This is a simply fabulous place from which to explore the North of Israel. Staying on a kibbutz is an experience in and of itself – the whole place has a village like atmosphere and dining takes place in a large communal dining room. The food is ample and delicious. The Pastoral is set all amongst beautiful gardens creating a tranquil environment with wonderful views. During the summer the large swimming pool is open and is a haven for children. The Pastoral is a short drive away from many of the key attractions of the North of Israel such as Tel Dan, Banias, Nimrod Castle and much more.
The Banias Spring emerges at the foot of Mount Hermon and flows powerfully through a canyon for 3.5 km, eventually leading to the impressive cascade of the Banias Waterfall. Access to the Waterfall is via an easy and pleasant family friendly path, refreshing to walk through on a hot day. The Banias combines history with nature and boasts the wonderful archaeological remains of Caesarea Philippi, the city built by Herod’s son Philip. The site also contains Crusader ruins and the remains of a far older pagan temple dedicated to the god Pan. For Christians, the Banias holds particular significance as the place where Peter recognised Jesus, and Jesus named Peter the “rock” on which his church would be built.
To dig deeper into the story of the Golan, you should visit El Rom kibbutz which is interesting for two reasons. Firstly, you will see how kibbutzim have had to modernise, turning away from exclusively agricultural industry, and secondly you will see a real example of such modernisation – in this case, the kibbutz’s film dubbing industry. Time allowing, you should take a trip to the nearby ‘Valley of Tears’.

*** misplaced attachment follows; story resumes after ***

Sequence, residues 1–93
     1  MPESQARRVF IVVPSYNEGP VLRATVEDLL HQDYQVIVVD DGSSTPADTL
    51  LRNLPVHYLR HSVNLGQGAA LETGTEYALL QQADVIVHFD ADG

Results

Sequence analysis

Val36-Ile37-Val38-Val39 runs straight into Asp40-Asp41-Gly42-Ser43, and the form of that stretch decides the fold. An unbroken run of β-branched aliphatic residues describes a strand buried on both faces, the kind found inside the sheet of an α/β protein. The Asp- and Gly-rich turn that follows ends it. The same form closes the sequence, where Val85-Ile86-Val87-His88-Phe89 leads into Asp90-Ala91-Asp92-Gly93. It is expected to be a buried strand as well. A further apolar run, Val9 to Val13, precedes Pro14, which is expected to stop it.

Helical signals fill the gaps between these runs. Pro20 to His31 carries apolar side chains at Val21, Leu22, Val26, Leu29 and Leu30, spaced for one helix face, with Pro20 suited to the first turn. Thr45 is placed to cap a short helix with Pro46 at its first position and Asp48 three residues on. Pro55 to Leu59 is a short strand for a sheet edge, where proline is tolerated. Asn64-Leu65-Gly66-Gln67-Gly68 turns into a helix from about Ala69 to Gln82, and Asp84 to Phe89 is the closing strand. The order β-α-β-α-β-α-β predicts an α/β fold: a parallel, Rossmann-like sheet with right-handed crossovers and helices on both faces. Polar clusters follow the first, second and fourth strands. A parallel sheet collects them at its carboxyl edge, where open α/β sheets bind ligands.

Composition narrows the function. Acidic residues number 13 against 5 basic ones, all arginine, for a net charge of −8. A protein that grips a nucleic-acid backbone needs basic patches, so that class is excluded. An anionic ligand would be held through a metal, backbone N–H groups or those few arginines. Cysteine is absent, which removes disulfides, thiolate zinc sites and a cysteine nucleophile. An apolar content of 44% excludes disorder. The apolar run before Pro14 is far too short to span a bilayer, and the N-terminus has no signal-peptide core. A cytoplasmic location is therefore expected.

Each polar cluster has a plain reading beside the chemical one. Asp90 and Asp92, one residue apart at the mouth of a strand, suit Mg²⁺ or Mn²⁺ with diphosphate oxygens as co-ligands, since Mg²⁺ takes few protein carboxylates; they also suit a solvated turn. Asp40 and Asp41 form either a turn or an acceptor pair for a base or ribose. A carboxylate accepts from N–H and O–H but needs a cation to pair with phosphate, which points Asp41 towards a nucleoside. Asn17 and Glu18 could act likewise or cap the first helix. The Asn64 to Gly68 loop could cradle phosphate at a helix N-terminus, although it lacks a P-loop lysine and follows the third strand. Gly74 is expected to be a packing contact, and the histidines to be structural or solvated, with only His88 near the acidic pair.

Your expert guide will drive you through a working agricultural kibbutz, explaining about the pace and style of life in this region of Israel. You will also explore the history and current day reality of kibbutz life from the historic ‘childrens’ house’ system to today’s need to diversity and modernise. You will then drive off road into the demilitarised zone and along the Syrian border (security conditions allowing), viewing hidden Israeli army bunkers and positions. Your expert guide will provide background on Israel’s historical and current relations with her northern neighbours, together with an in-depth analysis of today’s complex situation in Syria and what it means for Israel. Following the jeep ride, time allowing your main guide will take you to the nearby look out at Mount Bental.
Tsfat is the ancient mystical centre of kabbalah, where you will wander through time worn cobbled streets, exploring age old synagogues, ducking in and out of art galleries, craft shops and charming cafes. Tsfat’s historical sites are diverse: from the graves of important Rabbis, to the impressive crusader Citadel, and the Great Stairs built by the British to separate Jews and Arabs. Tsfat is a magical place where the ancient stones invite you to reach and touch them, to feel the layers of human history, and the breeze asks you to listen out for the tales it whispers.
The Old City of Acre (Akko in Hebrew) is well deserving of its UNESCO world heritage site status. Acre boasts stunning Crusader remains which are so complete you’ll feel transported in time. Marvel at the halls of the Knights Hospitalier, and “escape to the sea” through underground runaway tunnels. Explore some of Acre’s more varied treasures – the exotic thriving Arab market, the second most holy mosque in Israel (home to a hair from the beard of Mohammed), and the newly renovated Underground Prisoners Museum which commemorates Jewish resistance fighters imprisoned, and sometimes executed, by the British during the Mandate period.